Leon Panetta

We’ve heard national security leaders at the highest levels say it repeatedly: we are not prepared for cyber war.

Gen. Keith Alexander, director of the National Security Agency and commander of U.S. Cyber Command, made it clear when he rated America’s readiness for addressing a catastrophic cyber attack “three on a scale of ten.” Homeland Security Secretary Janet Napolitano has discussed the imminent threats of a breach that “shuts down part of the nation’s infrastructure in such a fashion that it results in a loss of life.” And Secretary of Defense Leon Panetta has often been quoted saying that a large-scale attack on our critical infrastructure could wreak havoc on a scale “equivalent to Pearl Harbor.” Keep reading →

With attempts to push through comprehensive cybersecurity legislation dead for this year, a pending executive order will likely include many of the features of the failed bill.

A final attempt to pass a cyber bill introduced by Senators Joseph Lieberman (I-CT) and Susan Collins (R-Maine) was defeated this week in a 51-47 vote. The bill was blocked by senate republicans who believe that the legislation would lead to more federal regulation of business. Keep reading →

Warning after warning has been given by military officials, intelligence agencies and private sector cybersecurity aspects about the growing national security threats emanating from cyber space.

Most recently, U.S. Secretary of Defense Leon Panetta delivered what has been referred to as the first major policy speech on cyber security by a defense secretary. His speech, delivered in New York last week, has been called a call to (cyber) arms, declaring that the United States was facing the possibility of a “cyber-Pearl Harbor.” Keep reading →

Improving situational awareness, creating trained cyber teams and building a more defensible architecture are top priorities for NSA and US Cyber Command (USCYBERCOM), according to Col. John Surdu, Military Deputy Chief, Combined Action Group (CAG).

Appearing on today’s Federal Executive Forum on Cybersecurity/Progress & Best Practices – “Defense & Homeland,” Col. Surdu outlined the top 5 priorities that both NSA and USCYBERCOM are pursuing to further advance the nation’s cyber defenses. Keep reading →

In what may come to be called the dawn of the 21st century drawdown of the American military, Defense Secretary Leon Panetta today unveiled a budget he hopes balances smaller forces with sustained and far reaching threats.

Panetta said the force that will result from the $525 billion budget request for fiscal 2013 will be “smaller and leaner, but agile, flexible, ready and technologically advanced.” Keep reading →

Defense Secretary Leon Panetta has reiterated the military’s going-forward strategy on many occasions, saying about our military’s direction: “It must be complemented by the full range of America’s national security capabilities – strong intelligence, strong diplomacy, a strong economy, strong technology, developments in cyber capabilities.” These five areas comprise the new defense strategy.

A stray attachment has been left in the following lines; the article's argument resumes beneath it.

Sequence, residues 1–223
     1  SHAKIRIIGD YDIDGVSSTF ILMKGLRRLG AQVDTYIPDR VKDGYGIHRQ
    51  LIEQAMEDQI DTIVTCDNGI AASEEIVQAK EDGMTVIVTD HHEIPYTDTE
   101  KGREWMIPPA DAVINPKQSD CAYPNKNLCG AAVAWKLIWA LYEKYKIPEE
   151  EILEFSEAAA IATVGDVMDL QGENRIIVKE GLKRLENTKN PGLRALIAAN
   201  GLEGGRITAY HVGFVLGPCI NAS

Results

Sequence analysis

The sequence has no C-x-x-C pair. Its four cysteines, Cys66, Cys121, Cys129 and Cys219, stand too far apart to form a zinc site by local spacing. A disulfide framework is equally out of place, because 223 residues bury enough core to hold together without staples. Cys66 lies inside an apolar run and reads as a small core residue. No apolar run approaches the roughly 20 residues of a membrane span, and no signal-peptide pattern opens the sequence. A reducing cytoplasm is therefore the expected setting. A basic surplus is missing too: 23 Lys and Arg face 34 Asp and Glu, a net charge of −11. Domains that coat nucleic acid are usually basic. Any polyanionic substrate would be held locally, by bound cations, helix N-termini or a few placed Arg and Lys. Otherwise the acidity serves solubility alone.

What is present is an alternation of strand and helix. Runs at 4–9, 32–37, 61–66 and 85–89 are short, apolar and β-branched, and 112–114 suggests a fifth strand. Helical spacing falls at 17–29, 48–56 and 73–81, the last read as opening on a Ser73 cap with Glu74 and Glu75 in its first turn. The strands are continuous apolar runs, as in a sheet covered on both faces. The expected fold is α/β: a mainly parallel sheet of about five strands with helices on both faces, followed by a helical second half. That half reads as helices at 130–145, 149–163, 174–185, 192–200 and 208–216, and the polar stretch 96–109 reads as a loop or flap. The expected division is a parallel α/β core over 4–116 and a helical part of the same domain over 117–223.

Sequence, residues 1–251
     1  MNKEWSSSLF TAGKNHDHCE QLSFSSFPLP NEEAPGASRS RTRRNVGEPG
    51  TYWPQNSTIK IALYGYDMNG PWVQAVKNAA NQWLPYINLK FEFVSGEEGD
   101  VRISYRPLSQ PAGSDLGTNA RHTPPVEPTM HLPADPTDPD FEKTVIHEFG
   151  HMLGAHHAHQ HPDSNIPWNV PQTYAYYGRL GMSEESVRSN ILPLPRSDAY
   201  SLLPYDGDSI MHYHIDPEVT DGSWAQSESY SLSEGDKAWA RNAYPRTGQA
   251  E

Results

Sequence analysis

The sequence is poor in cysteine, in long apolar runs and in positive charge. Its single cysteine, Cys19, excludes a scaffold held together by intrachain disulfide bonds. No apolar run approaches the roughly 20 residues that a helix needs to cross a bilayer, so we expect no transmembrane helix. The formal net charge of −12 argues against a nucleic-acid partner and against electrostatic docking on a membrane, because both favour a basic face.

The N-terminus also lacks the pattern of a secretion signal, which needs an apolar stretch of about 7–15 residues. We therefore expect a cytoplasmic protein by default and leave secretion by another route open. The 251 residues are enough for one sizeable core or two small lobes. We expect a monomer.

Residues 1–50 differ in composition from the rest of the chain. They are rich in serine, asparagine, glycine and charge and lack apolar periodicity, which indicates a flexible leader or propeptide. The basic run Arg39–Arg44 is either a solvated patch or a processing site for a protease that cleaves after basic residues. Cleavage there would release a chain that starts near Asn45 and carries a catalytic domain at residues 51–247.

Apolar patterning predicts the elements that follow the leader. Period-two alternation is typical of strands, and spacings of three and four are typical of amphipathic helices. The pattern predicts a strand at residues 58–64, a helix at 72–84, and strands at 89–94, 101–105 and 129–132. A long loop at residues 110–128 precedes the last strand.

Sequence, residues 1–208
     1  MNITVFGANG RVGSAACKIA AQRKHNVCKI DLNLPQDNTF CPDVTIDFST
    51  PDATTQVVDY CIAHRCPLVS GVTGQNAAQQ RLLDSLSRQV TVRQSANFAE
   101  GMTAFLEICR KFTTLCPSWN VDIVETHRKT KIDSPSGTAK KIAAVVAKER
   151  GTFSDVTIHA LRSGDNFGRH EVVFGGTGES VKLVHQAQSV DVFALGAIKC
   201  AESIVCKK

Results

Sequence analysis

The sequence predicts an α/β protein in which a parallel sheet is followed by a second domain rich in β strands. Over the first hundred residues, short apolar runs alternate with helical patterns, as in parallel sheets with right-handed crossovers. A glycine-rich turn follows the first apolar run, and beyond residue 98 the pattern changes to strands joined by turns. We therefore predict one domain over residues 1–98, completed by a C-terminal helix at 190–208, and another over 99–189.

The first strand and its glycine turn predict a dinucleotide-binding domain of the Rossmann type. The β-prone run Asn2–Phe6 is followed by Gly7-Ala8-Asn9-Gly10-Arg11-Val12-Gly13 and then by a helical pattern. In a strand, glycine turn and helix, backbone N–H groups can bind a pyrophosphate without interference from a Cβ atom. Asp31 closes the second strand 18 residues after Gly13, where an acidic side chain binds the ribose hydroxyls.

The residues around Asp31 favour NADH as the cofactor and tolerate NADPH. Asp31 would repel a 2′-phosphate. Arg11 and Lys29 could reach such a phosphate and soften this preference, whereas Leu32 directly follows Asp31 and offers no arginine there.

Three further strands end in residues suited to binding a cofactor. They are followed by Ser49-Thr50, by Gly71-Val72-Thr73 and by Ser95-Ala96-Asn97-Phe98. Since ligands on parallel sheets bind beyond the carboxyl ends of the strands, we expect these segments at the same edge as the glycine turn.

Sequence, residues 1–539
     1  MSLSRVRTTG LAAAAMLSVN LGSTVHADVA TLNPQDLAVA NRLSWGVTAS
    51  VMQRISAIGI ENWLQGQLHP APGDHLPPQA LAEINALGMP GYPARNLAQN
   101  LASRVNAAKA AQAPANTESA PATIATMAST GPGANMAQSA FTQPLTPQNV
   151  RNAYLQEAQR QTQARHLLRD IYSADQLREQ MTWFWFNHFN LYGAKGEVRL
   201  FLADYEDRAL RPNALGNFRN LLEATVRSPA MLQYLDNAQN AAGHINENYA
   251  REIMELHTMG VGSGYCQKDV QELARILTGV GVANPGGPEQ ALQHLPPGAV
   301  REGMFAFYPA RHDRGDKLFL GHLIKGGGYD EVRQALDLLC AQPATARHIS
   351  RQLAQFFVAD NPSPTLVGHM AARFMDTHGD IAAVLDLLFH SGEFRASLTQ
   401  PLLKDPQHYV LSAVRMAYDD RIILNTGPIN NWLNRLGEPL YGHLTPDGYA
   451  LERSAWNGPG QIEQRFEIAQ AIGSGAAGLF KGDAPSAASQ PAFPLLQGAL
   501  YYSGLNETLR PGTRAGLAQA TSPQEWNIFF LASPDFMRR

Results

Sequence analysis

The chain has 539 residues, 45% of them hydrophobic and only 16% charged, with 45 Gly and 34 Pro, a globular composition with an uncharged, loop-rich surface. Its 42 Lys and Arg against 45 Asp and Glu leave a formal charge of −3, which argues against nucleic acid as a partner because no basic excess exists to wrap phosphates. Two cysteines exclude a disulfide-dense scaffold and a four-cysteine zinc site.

Last week the web was all abuzz with coverage of President Obama’s press conference at the Pentagon along with Defense Secretary Panetta and the Chairman of the Joint Chiefs Gen. Martin Dempsey as they unveiled the administration’s new military strategy. It is clear the U.S. military will undergo dramatic changes due to budget cuts. Keep reading →

The United States will police the globe, respond to disasters and shape the international environment much as it has –though our sharpest focus will be on China and the western Pacific — but it will do all that with a significantly smaller land force than it currently has.

Washington: The outgoing Chairman of the Joint Chiefs of Staff pulled no punches during his last week on the job, saying today that the across-the-board defense cuts under the so-called “doomsday” scenario will break the military.

For the first time, Adm. Mike Mullen said this afternoon that if the Super Committee set up by the White House is forced to cut any more from national security coffers, the military simply would not survive. Keep reading →

Marine Corps Gen. James E. Cartwright has a long history of commandeering technology before it was ready for the military.

So few were surprised, including Deputy Secretary of Defense Bill Lynn, when Cartwright–better known in defense circles as Hoss Cartwright–was soon brandishing a specially-secured iPad capable of accessing classified military information otherwise off limits to iPad devices. Keep reading →